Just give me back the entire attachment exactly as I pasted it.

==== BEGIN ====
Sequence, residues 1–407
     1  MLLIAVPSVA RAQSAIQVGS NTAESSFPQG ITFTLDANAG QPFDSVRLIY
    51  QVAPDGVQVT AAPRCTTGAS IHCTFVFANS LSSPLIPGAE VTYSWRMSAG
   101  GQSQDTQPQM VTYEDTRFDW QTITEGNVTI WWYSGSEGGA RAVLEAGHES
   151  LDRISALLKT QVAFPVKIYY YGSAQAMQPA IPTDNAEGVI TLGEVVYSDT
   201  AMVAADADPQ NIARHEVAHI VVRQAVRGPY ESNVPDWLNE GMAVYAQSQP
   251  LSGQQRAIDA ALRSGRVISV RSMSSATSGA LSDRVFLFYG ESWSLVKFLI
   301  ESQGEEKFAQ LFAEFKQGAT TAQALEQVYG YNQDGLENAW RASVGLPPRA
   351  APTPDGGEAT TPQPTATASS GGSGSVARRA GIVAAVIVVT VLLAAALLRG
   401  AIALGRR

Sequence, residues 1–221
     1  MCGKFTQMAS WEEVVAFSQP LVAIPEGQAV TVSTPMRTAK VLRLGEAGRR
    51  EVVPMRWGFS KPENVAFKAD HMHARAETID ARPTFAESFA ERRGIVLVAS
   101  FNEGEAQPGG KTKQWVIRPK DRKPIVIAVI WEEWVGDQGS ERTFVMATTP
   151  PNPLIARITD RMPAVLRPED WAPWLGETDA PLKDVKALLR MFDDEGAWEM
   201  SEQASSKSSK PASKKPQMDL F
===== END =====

Sequence, residues 1–407
     1  MLLIAVPSVA RAQSAIQVGS NTAESSFPQG ITFTLDANAG QPFDSVRLIY
    51  QVAPDGVQVT AAPRCTTGAS IHCTFVFANS LSSPLIPGAE VTYSWRMSAG
   101  GQSQDTQPQM VTYEDTRFDW QTITEGNVTI WWYSGSEGGA RAVLEAGHES
   151  LDRISALLKT QVAFPVKIYY YGSAQAMQPA IPTDNAEGVI TLGEVVYSDT
   201  AMVAADADPQ NIARHEVAHI VVRQAVRGPY ESNVPDWLNE GMAVYAQSQP
   251  LSGQQRAIDA ALRSGRVISV RSMSSATSGA LSDRVFLFYG ESWSLVKFLI
   301  ESQGEEKFAQ LFAEFKQGAT TAQALEQVYG YNQDGLENAW RASVGLPPRA
   351  APTPDGGEAT TPQPTATASS GGSGSVARRA GIVAAVIVVT VLLAAALLRG
   401  AIALGRR

Sequence, residues 1–221
     1  MCGKFTQMAS WEEVVAFSQP LVAIPEGQAV TVSTPMRTAK VLRLGEAGRR
    51  EVVPMRWGFS KPENVAFKAD HMHARAETID ARPTFAESFA ERRGIVLVAS
   101  FNEGEAQPGG KTKQWVIRPK DRKPIVIAVI WEEWVGDQGS ERTFVMATTP
   151  PNPLIARITD RMPAVLRPED WAPWLGETDA PLKDVKALLR MFDDEGAWEM
   201  SEQASSKSSK PASKKPQMDL F